6. Graduate School of Government and European Studies and the European Faculty of Lawis organising a 2 day Workshop on the theme ‘In Search of Basic European Values’. The Workshop will be conducted from November 20th – 21st, 2015 in Ljubljana. They are inviting abstracts for the same and interested applicants should send a 250-word abstract and a CV in narrative form by September 1st, 2015 to dignitas@fds.si. For further information, please visit the website.

Elsewhere on the Internet

  1. Tom Ginsburg, Rearmament and the Rule of Law in Japan: When Is it OK to Change the Constitution With a Statute?, The Huffington Post
  2. David Landau, Term Limits Manipulation across Latin America – and what Constitutional Design could do about it, Constitution.net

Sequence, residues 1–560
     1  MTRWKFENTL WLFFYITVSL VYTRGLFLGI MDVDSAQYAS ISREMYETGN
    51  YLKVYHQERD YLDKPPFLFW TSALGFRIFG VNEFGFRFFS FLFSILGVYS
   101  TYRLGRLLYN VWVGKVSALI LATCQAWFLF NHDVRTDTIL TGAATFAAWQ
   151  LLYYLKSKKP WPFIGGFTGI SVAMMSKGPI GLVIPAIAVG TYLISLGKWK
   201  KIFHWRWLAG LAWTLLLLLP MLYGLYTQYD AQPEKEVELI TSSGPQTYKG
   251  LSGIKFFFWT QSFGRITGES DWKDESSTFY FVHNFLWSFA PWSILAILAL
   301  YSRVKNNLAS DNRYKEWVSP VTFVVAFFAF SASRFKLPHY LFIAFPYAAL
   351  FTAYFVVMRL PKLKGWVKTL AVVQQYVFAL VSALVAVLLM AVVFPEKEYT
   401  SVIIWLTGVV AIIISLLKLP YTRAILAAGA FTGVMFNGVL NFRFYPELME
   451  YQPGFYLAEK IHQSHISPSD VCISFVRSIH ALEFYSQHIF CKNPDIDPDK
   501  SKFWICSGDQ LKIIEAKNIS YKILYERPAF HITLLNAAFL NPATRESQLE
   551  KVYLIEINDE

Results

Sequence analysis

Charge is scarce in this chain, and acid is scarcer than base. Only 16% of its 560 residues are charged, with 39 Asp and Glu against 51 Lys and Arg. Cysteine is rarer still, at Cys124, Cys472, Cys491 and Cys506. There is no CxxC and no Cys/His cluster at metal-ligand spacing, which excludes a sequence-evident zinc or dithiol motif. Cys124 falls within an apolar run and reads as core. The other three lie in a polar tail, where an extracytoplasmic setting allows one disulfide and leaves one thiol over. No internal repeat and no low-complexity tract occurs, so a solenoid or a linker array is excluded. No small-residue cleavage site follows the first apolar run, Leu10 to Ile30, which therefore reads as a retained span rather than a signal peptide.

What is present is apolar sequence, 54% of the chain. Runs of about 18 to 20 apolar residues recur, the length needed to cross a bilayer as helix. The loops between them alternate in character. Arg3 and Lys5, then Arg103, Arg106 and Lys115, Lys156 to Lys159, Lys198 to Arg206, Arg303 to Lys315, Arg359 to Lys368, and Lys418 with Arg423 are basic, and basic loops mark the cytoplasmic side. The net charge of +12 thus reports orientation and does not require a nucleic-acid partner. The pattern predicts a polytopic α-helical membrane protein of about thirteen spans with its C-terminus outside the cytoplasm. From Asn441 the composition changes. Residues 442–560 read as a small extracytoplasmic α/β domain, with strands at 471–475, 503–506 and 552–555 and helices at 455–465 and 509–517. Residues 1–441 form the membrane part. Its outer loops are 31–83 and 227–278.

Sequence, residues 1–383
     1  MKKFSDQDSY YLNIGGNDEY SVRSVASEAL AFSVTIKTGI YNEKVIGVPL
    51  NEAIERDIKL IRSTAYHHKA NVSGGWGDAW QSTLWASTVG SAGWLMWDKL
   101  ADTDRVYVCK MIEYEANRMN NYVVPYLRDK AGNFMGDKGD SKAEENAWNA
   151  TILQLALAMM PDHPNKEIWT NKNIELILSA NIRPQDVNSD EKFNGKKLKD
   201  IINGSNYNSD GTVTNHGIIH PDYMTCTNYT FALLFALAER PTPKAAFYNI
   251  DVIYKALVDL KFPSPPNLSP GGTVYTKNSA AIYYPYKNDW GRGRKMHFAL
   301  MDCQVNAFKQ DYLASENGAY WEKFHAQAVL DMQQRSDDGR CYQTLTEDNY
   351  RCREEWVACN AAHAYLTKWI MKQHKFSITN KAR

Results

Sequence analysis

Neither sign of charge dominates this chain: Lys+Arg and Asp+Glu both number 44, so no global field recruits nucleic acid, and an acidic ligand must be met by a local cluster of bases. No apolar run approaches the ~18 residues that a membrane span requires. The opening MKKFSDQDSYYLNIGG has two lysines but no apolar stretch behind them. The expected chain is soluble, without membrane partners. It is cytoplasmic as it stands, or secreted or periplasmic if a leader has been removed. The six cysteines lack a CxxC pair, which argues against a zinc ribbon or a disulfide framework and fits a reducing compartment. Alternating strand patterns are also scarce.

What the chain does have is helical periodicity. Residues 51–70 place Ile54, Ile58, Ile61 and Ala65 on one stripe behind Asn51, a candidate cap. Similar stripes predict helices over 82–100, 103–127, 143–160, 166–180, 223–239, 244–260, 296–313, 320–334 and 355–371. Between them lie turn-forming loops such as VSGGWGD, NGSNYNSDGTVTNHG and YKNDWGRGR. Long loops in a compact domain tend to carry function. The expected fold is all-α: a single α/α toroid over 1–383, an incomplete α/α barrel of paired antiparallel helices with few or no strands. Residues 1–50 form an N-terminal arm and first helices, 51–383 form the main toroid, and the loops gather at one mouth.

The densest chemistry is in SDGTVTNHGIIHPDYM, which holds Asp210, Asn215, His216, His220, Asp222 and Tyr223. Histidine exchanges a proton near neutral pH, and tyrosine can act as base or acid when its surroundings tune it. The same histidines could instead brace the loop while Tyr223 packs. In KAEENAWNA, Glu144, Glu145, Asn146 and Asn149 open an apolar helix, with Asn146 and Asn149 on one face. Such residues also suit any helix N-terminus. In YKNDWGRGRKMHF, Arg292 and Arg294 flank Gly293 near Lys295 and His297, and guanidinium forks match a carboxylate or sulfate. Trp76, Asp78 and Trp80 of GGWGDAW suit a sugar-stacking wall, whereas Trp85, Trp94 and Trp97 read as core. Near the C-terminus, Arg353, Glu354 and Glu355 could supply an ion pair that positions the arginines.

3. Michael Pal, Ontario court ruling on expats forgets that voting is a right, not a privilege, The Globe and Mail
  4. Lyle Denniston, Constitution Check: Is natural-born citizenship sometimes not a fundamental right?, Constitution Daily
  5. Evan Bernick, Do We Have an Amoral Constitution? A Second Reply to Kurt Lash, The Huffington Post

 

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Published on July 27, 2015
Author:          Filed under: Developments